Dassault sees room for growth in 3D CAD market
By Goh Thean Eu October 10, 2014
- 3D CAD market relatively untapped, most users still on 2D
- Pinning hopes on its recently-launched SolidWorks 2015
PARIS-based software company Dassault Systèmes SA sees plenty of growth opportunity for its newly-released SolidWorks 2015, saying that the market for 3D CAD (computer-aided design) software remains largely untapped in Malaysia.
According to the Asia Pacific South senior director Sharon Toh, the bulk of CAD users in the country are still using 2D versions.
“Based on our data on the total CAD market size, we believe those using 3D are way below 50% [of the market]. This means the space for 3D CAD is still pretty much untapped,” she told a media briefing in Kuala Lumpur recently.
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According to MarketsandMarkets, the computer graphics market will grow from US$23.33 billion in 2014 to US$32.68 billion in 2019 at a compound annual growth rate (CAGR) of 6.97%.
In a report, the research company said North America will comprise the lion’s share of computer graphics market, followed by Asia Pacific and Europe. Asia Pacific will however experience the highest growth rate, at a CAGR of 10.7%.
The computer graphics market includes software like CAD/CAM (computer-aided design/ manufacturing), visualisation/ simulation, digital video, imaging and modelling/ animation. It also includes services like consulting, training, support and integration in the above areas.
In a separate report, online CAD magazine Architosh, citing market reports by TechNavio, said that the global CAD market is expected to grow to US$8.2 billion in 2016, representing a CAGR of 8.6% between 2012 and 2016.
3D printing a catalyst
Besides users converting from 2D to 3D CAD, Toh believes that there are other potential growth areas, with one being the emergence of 3D printing.
“3D printing is another catalyst for more people to design products. In the past, it could be quite expensive for a person to make a mould or prototype,” she said, noting that 3D printing has brought down the cost.
Other areas Dassault Systèmes is looking at include startups, small and medium enterprises which have yet to embrace any form of design software, and more.
“In the past, a person who wanted to design and develop a new product needed large capital or a plant. Today, you don't need big capital – you can [create innovative products], and there are many manufacturers that can make the products for you,” Toh said.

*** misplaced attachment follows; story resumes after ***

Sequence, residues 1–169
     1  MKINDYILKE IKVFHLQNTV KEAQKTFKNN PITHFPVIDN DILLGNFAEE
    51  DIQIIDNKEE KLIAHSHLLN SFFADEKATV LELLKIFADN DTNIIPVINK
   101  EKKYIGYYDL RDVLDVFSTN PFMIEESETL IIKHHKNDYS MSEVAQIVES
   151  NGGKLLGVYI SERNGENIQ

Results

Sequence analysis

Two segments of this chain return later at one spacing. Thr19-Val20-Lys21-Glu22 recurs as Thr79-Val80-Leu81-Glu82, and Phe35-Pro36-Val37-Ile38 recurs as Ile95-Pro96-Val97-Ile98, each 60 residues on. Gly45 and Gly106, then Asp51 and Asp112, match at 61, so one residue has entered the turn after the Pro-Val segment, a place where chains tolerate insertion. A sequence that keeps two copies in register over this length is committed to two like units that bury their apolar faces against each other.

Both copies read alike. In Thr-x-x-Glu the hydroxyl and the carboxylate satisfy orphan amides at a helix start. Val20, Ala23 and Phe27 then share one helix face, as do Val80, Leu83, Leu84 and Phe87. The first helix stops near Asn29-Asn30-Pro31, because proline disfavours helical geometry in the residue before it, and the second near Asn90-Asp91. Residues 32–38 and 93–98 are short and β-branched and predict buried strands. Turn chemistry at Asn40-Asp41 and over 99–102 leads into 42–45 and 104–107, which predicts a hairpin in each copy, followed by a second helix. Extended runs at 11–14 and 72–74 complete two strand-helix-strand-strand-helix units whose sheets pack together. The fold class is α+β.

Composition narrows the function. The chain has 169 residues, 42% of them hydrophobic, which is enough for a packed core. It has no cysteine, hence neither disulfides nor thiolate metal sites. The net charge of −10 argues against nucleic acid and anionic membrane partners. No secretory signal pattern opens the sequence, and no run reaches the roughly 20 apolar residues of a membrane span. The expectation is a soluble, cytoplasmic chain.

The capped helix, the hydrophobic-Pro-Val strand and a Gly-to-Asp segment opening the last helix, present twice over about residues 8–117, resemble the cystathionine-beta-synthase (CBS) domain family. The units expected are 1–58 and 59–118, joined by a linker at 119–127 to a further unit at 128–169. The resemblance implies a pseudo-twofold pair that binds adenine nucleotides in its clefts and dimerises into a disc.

New SolidWorks 2015
Toh (pic), who is based in Singapore, was in Kuala Lumpur to unveil SolidWorks 2015, the latest version of its 3D CAD software.
“The enhancements and improvements were mainly a result of customer feedback,” she said. “In fact, more than 90% of the functionality in SolidWorks 2015 has been directly requested by customers.”
Toh said the new version focuses “on design, not modelling,” reducing the number of geometry creation steps a user has to go through.
SolidWorks 2015 also allows users to gain access to cloud-based capabilities and a wider range of choices for improving productivity and work processes, lowering operating cost, according to Dassault Systèmes.
“We have the My.SolidWorks platform which is designed and developed to help make our users become more productive,” said Toh.
“Essentially, My.SolidWorks is a dashboard where users can place all the essential tools in one place for easier monitoring. For example, information on sales orders, production schedule, industry news and more will all be available on one page,” she added.
My.SolidWorks also includes content such as training materials which users can refer to, and acts as a free community.
My.SolidWorks is freely available to anyone at the link above, but Dassault Systèmes said that users will get the most out of it if they have or register for a free account. SolidWorks Customers can login using their existing customer portal accounts, and SolidWorks subscription service customers gain additional access through My.SolidWorks to private reserved content.
“This is one way we help to connect the ecosystem. We have a lot of information out there, but we didn’t connect them together before,” said Toh.
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